Of course, I could have saved you a good deal of reading by simply stating my initial reaction to the film: I have never seen a movie that matched the expectations set by its trailer so completely.  Whatever you thought of the trailer, that’s what you’ll most likely think of the film.


4 Responses

  1. “I liked her better than Minnie Driver in Grosse Pointe Blank”

    *Gasp* How could you?! Minnie Driver had great taste in movies, awesome comebacks, and was going to make fun of her old classmates on the radio!

    Granted, she was made a little less cool by her reversal of her totally understandable and awesome, “You don’t get to have me”; but then again, I have long understood that if John Cusack ever just randomly showed up at my door, I’d go with him no questions asked.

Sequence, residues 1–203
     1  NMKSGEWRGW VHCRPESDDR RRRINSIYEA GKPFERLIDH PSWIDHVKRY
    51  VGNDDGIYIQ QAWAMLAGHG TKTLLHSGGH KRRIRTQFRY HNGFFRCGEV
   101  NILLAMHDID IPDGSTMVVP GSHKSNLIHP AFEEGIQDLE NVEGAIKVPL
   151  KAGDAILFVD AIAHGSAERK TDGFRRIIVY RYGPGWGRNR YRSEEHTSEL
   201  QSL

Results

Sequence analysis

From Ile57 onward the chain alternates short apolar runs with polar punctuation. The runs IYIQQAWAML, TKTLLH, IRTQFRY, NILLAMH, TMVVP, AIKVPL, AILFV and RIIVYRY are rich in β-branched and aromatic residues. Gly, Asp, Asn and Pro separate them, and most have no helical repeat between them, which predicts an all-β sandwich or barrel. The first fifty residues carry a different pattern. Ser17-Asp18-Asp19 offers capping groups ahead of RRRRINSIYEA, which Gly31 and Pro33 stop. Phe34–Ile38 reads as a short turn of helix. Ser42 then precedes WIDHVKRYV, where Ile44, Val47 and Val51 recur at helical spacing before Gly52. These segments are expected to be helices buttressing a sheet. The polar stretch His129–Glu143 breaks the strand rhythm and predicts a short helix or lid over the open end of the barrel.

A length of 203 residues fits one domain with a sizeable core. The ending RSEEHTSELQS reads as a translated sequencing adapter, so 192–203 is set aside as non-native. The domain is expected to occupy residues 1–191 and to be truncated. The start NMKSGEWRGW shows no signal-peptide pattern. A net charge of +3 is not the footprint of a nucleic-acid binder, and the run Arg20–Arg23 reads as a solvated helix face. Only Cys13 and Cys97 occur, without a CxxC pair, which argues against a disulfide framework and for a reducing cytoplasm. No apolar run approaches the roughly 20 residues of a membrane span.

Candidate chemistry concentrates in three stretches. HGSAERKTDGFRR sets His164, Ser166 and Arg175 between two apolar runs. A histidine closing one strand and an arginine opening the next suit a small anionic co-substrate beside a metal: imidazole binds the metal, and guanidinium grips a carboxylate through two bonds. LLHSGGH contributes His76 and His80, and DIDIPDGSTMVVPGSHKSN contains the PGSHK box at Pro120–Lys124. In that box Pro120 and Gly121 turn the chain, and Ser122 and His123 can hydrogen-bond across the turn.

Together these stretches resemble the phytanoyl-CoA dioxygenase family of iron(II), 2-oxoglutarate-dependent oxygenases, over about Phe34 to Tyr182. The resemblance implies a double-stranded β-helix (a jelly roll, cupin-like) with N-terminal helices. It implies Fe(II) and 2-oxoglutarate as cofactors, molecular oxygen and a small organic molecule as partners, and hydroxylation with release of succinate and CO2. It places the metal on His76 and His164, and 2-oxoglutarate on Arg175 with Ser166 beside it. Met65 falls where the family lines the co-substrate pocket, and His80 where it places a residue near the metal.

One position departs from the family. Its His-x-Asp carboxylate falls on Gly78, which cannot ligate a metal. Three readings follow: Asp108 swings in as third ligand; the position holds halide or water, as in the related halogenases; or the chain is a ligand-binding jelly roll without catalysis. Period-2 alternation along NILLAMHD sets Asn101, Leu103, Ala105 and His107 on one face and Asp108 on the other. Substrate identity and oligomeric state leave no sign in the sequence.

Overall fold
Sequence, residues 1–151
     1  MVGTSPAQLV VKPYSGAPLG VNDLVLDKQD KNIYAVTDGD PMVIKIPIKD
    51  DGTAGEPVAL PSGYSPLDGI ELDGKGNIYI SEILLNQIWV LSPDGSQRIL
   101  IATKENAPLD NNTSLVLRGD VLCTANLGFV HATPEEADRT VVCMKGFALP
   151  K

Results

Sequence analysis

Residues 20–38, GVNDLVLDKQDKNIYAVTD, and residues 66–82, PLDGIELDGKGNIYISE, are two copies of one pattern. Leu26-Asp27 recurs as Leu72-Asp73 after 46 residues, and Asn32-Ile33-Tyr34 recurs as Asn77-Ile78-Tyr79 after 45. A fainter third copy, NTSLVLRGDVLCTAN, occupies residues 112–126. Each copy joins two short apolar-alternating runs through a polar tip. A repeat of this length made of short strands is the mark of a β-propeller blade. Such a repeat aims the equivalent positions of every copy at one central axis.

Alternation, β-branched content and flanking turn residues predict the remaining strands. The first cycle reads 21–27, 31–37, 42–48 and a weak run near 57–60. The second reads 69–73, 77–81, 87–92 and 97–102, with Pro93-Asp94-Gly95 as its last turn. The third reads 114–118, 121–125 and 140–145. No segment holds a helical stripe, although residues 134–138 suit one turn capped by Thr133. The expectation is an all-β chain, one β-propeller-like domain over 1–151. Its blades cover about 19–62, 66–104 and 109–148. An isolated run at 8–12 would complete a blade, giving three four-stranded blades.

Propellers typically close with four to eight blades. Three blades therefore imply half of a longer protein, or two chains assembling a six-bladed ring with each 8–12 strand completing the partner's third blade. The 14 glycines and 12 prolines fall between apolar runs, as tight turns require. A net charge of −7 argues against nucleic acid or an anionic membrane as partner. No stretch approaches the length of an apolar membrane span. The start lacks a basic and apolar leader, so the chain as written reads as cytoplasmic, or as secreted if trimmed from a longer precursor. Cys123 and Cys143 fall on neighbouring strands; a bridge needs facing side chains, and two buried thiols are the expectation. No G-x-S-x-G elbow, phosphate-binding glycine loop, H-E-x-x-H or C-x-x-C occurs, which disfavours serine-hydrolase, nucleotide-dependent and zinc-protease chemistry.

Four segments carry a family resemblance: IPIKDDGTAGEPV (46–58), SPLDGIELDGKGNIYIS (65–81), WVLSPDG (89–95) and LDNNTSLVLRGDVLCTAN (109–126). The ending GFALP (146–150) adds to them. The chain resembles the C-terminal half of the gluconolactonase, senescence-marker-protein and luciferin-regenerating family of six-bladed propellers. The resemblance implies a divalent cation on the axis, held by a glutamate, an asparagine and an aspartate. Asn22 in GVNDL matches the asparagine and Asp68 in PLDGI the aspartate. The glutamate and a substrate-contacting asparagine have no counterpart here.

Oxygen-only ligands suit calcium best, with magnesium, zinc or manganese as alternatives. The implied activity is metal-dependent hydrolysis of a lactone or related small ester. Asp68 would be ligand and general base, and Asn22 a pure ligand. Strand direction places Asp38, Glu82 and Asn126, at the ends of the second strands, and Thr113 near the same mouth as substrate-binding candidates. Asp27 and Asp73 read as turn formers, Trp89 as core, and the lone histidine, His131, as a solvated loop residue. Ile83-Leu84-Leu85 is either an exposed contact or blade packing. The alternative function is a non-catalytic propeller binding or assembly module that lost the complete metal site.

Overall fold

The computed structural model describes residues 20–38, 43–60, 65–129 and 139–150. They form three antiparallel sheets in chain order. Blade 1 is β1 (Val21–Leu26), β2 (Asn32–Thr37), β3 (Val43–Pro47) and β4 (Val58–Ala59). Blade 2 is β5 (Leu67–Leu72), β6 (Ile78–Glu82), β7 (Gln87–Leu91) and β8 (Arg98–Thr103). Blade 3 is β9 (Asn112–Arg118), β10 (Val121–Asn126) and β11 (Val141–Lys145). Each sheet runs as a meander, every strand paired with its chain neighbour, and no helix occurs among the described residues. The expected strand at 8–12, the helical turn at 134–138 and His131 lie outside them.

Anyway, HTTM sounds pretty cool! I want to see it. If only there were more movies like this with girls as the main characters.

  2. Ahem… “movies” above should obviously be “music”.

  3. Interesting review.
    Check out my spoiler free thoughts of Hot Tub Time Machine on

  4. I’d like to see it at some point. (I’ll also add Better Off Dead to my list of movies I need to see when I restart Netflix.) I’m commenting mainly to add that I didn’t like the actress they cast as Laura in High Fidelity. I love her so much more in the book.